When Myer department stores were bought by foreign private equity investors who are in the business of buying and selling companies for a profit, they had no plans to ever pay tax on the money they made. They bought the company cheaply from within the Coles Myer structure where it was languishing and doing a fine job of impersonating a Stalingrad emporium circa 1960.
The new owners made some good changes and sold it for a huge profit to the dumb money of mums and dads who paid top dollar in the float. The shares were issued at $4.10 and have essentially never traded that highly since.
The Australian Tax Office calculated that the Texas Pacific Group private equity firm owed the Australian public around $678 million in tax on their profits on the deal and have been in pursuit of the money ever since. Myerâ€™s former owners booked their money from the float, sent it overseas quickly and have refused to pay anything, arguing that it was a one-off capital gain not profit as a result of the conduct of the ordinary business. Thatâ€™s important because foreign investors donâ€™t pay capital gains tax here but foreign companies doing business here do.
So when the well-salaried man appointed by TPG to run Myer who is still the CEO, Bernie Brookes, professes concern at Australians not meeting their tax liabilities in the form of Aussie mums buying clothes and toys and gifts for Christmas online then there must surely be more to it than meets the eye.
Bernie Brookes (who in addition to owning $43 million of shares in Myer is paid over $100K per week!), Gerry Harvey and Sol Lew have emerged as the Christmas Grinch trio of the nation.
Myerâ€™s silly stunt that it would operate a website from southern China to avoid GST is purely designed to protest against the rise of online shopping.
Our retail industry is $270 billion strong and is principally in the business of selling imported goods to Australians. With our economy strong and our currency absurdly high, they really shouldnâ€™t be whining.
But they really donâ€™t like competition, even if it is $1 billion a month worth, the number claimed by retail billionaires.
Cost-of-living is the most sensitive political issue in the country.
Many of those doing their shopping online are very value-conscious consumers, who invest a great deal of time and effort in selecting items online and then patiently waiting for them to arrive.
Myerâ€™s demand that the Commonwealth government scrap a $1000 GST-free threshold on these imported items would create massive delay and hardship on those online consumers. It would create a political backlash that would make the mining tax look incredibly popular by comparison.
Billionaire retailers say they worry about the public revenue. Everyone knows thatâ€™s a joke.
They donâ€™t want competition from websites, thatâ€™s actually the reason they want online consumers punished and taxed.
The truth of it is that traditional retailers can compete with and beat their limited online foes.Â Just this weekend came a newspaper survey that revealed that most books are cheaper in the stores than they are online.
Myer built a brand over more than a century. By not re-investing in their stores and failing to re-invent the old department store model, they looked very much damaged goods for a while.
But theyâ€™re doing a much better job now, their new Melbourne CBD store isnâ€™t fully finished but looks superb and seems to have more attentive staff, is much better designed with places to stop and have a coffee everywhere you turn and it challenged the impression Myer had allowed to create since sleazy billionaire Sol Lew became a big shareholder in it in the mid-1980s. They have really turned the corner and are starting to polish their tarnished brand from the mess it was left in people like Lew.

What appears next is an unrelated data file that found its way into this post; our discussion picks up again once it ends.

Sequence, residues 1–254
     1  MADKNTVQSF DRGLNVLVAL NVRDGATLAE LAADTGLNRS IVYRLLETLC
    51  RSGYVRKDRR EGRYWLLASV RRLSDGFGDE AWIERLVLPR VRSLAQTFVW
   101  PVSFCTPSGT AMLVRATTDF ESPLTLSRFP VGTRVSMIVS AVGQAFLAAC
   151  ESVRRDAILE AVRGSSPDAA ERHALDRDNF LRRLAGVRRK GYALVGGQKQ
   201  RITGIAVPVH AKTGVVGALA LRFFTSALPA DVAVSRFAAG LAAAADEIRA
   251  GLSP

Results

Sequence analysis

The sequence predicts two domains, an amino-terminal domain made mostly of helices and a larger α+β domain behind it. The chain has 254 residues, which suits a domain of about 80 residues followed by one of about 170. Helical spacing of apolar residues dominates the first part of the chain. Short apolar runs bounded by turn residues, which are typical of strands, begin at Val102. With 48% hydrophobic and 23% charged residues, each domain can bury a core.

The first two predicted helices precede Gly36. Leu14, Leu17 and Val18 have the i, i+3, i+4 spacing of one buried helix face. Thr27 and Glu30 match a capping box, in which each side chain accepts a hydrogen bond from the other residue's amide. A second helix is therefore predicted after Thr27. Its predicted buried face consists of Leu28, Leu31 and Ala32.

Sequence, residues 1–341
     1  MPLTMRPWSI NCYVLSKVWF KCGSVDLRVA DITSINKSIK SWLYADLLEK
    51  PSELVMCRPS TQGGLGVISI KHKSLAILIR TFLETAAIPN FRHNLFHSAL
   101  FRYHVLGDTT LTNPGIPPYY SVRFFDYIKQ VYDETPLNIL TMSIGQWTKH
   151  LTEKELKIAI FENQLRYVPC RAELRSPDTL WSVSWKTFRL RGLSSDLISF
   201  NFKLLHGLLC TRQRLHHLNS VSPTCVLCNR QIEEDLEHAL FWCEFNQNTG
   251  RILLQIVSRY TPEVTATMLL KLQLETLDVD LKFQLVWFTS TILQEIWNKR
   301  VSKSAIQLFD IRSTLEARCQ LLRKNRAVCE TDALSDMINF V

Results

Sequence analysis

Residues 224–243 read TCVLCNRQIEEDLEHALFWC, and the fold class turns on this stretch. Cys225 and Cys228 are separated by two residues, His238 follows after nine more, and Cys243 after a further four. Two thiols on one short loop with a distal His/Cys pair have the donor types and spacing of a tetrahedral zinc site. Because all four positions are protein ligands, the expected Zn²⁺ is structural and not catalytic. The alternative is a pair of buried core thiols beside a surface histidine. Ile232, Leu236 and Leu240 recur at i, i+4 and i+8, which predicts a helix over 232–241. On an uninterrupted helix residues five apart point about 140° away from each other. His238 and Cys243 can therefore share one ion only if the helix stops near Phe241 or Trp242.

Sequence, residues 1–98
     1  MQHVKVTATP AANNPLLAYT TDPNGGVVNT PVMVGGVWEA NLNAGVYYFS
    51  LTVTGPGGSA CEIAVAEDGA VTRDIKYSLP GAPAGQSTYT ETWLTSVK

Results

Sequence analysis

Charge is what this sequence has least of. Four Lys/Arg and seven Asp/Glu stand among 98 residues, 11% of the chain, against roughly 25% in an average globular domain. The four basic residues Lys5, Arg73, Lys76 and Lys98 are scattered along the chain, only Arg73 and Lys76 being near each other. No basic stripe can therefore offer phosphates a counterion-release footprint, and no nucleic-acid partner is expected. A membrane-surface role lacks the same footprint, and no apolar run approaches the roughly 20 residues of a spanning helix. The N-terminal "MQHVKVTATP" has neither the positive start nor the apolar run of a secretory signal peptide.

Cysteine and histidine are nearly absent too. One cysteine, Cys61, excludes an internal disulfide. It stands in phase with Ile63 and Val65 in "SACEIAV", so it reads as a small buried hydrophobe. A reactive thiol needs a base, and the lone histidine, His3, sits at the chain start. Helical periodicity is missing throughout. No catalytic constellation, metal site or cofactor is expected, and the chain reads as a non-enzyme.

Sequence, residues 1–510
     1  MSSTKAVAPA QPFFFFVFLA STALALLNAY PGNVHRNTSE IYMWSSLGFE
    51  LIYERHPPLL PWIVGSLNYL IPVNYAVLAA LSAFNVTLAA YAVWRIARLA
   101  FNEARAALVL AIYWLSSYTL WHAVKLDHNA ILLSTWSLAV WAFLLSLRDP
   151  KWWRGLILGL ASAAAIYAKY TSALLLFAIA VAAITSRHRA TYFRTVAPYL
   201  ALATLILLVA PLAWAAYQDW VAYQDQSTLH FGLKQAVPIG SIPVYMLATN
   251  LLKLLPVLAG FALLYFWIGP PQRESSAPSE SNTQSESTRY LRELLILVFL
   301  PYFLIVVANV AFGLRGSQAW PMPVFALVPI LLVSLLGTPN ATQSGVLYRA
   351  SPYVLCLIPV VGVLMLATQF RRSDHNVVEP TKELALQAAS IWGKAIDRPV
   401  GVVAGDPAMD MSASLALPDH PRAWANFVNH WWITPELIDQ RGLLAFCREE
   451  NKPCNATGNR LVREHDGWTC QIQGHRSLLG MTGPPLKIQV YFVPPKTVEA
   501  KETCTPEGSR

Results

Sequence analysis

Thatâ€™s why their publicly stated desire to punish online shoppers is so misguided and foolish. They should be winning over customers by doing better not coercing them away from online competition (tiny as it is) through cheekily demanding new taxes and bureaucratic delays on the delivery of kidsâ€™ toys and Christmas gifts lovingly bought on eBay by Aussie mums doing the best they can for their families.
And when those demanding this punishment of Aussie online shopper battlers include a department store chain whose former owners are being pursued for nearly $700 million in tax liability and a couple of billionaires Gerry Harvey and Solomon Lew, it really does seem more than a bit rich.
And when those demanding this punishment of Aussie online shopper battlers include a department store chain whose former owners are being pursued for nearly $700 million in tax liability and a couple of billionaires Gerry Harvey and Solomon Lew, it really does seem more than a bit rich. These people have made their fortune flogging imported goods to families kicking back a little and showing Christmas-time generosity to each other. Instead of being grateful and gracious about all Australia has done for them, the rich and thick Bernie Brookes (who in addition to owning $43 million of shares in Myer is paid over $100K per week!), Gerry Harvey and Sol Lew have emerged as the Christmas Grinch trio of the nation.
The federal government seems very unlikely to cave to their outrageous demands:
Assistant Federal Treasurer Bill Shorten last night told BusinessDaily: “We are looking at making sure we have the settings right and (are) cracking down on people who rort the system, who bring in multiple batches of goods, each worth $999, just to get around the threshold.” Mr Shorten also said the government had no plans to put a GST on online shopping for goods under $1000.
Cracking down on rorters is fair enough but removing that threshold for Aussie consumers would be as popular as Clover Mooreâ€™s infamous attempt to banish Christmas decorations from Sydneyâ€™s CBD.